A book cover with an illustration of a punk crowd-surfer flying through the air at a concert

My Brain Hurts 2

by Lee Baillie Author

Lee Baillie crafts a Degrassi-style teenage soap opera about queer punks in New York City! Our story resumes with Joey in a coma after an incident of queer bashing and Kate and Desi's relationship on the rocks. Desi's really religious, and Kate's really not, and they struggle to find a middle ground. The boys get caught smoking and uh, other things in the boys room, Kate getting in awkward situations with a hate crime perpetrator at her internship job, and much much more! Will queer teenage romance succeed? Will our heroes prevail over high school principals, skinheads, and a homophobic society?

  • My Brain Hurts 2 image #1
  • My Brain Hurts 2 image #2

Comments & Reviews


"No excuse in the world not to check it out…"


"My Brain Hurts is a lingering snapshot of a pivotal period in her character's lives. She ends their stories not with definitive answers, but with a reasonable hope that they will move on and find better lives for themselves. In fact, she adds a "where are they now" epilogue that brings a greater sense of closure (and relief) to the saga.

The second bonus feature of the book is an extras section with original character sketches, script pages, and a couple pages worth of false starts that were abandoned."


"This two book series is about some gay New York punks that are staying true to themselves. They party, go to shows, drink, create mischief and mayhem, and get into trouble. It’s an amazing story that has a heart felt satisfaction. It's a story for the queers, I'ts a story for the punks, It's a story for the outcast, and its a story that every one should cherish. Don't get me wrong this book is not just about being gay. I believe it has a deeper meaning to it. i think it says " Life has it's ups and downs but you got to make you own path to the point ware you're happy."


I’m glad I took a chance with My Brain Hurts. Despite this is volume two of the story, I found I was able to slip in easily and readily find my way. Even though I was unclear from time to time of the particulars of some relationships, the storytelling was clear enough to pull me through and catch me up to speed. While the art was not polished, it was serviceable. There is an epilogue of sorts in the back of the book, and it is there that Baillie shows that she has some real artistic chops. If she were to apply that kind of time and effort to the rest of the comic, this would be a real gem! As it stands, this comic is a testament to the experience of being young and gay in a world that is not quite ready for you. In addition, despite the fact that the story has ended, and this one volume is a satisfying reading experience, I have gone ahead and ordered the first volume so I can have the complete story. This is a very good comic that tells a story that is, unfortunately, probably all too common and will likely look very familiar to some readers.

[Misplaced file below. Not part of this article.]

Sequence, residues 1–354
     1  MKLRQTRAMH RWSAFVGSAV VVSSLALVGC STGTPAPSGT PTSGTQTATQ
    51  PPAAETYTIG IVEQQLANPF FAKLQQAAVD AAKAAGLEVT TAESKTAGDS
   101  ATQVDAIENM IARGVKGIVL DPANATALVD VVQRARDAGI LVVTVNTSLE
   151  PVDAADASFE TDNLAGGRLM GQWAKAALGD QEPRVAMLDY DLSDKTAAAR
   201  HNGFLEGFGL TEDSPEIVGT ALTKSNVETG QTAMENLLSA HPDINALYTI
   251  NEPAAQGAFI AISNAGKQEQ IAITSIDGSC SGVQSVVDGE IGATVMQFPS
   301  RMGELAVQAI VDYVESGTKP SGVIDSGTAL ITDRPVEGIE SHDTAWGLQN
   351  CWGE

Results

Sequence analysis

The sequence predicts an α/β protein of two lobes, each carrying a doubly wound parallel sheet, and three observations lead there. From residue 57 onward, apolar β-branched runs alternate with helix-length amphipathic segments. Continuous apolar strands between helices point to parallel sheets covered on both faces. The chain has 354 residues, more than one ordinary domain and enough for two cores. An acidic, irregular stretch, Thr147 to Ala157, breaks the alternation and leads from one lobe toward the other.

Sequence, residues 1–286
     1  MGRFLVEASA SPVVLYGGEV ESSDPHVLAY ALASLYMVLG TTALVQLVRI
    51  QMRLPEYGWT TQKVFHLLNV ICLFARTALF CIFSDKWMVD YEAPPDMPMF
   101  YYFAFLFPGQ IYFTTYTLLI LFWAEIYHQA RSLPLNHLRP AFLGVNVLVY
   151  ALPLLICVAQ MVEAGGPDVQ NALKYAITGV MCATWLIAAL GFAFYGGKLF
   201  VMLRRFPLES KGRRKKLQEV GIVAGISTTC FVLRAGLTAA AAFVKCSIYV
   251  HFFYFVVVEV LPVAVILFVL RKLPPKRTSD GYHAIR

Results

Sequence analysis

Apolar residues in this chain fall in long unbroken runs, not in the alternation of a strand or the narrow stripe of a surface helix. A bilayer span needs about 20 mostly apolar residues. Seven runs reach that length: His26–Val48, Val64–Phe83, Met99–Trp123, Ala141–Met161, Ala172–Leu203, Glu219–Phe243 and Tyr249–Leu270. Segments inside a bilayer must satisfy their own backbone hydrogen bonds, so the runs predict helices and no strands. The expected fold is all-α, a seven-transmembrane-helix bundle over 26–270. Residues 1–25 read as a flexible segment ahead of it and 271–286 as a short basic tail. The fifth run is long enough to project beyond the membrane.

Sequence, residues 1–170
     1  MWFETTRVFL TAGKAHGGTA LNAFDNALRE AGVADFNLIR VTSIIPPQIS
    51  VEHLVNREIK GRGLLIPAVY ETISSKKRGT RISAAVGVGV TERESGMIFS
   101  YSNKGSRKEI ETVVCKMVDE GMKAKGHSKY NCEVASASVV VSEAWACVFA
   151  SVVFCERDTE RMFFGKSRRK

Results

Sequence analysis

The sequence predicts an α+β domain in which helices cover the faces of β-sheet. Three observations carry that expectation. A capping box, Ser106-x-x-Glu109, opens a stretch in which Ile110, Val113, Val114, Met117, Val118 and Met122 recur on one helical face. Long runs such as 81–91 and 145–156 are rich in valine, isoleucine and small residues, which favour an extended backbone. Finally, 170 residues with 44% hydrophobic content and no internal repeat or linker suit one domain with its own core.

"This is a very good comic that tells a story that is, unfortunately, probably all too common and will likely look very familiar to some readers."


"MY BRAIN HURTS is a fine first major work for a cartoonist, ambitious in its emotional scope and resonant in its themes."


"What I like about My Brain Hurts is that it doesn't try too hard. Liz Baillie focuses on the small stories of the ordinary lives of these characters. She does not try to thrust them into some larger than life story. It works very well for her."


"Liz Baillie's art has come a long way since the beginning of the series, which took her six years to complete. It now presents fully-realized characters and backgrounds, with an expressiveness that a lot of more seasoned cartoonists might envy her."


"Liz Baillie is representing comix DIY esthetic. Her collection, My Brain Hurts is a great trip into teen social issues. She creates some fine character filled with realistic issues on relatable terms. I highly recommend checking out her stuff, the collection is so cheap, you can’t pass it up."


"My Brain Hurts is a tremendously interesting comic that largely does not require one having the first volume to enjoy. Liz Baillie, the creator, has created an overwhelming interesting set of individuals that are linked together in a timeless story (despite some hints – such as Midnight Dragon –being placed in the narrative). The artistic style is somewhat similar to Carrie McN’s Assassin and the Whiner and Zero Content (by Fly), while the different segments of this volume break the action quite well. Aside from the narrative itself, there are a few bonus features that further flesh out the story. This means that there is a “where are they now” type of closing, where grown-up drawings of each featured member are accompanied by a paragraph on what they are doing, while other pieces (such as the script, draft drawings, and the like) really create a fullness to this volume that will bring readers back for more. While the first volume of My Brain Hurts is not essential to properly understand the narrative at the beginning of this volume, purchasing the former will increase enjoyment of the latter. While some fans of books and zine narratives may shy away from anything in a comic format, I feel that Baillie’s work here is a great bridge between the styles."


"Don't think this is your regular teen-angst after-school special. Baillie addresses issues about sexuality, child abuse, drugs, friendship and bigotry all while maintaining realistic storytelling through believable dialogue and characters."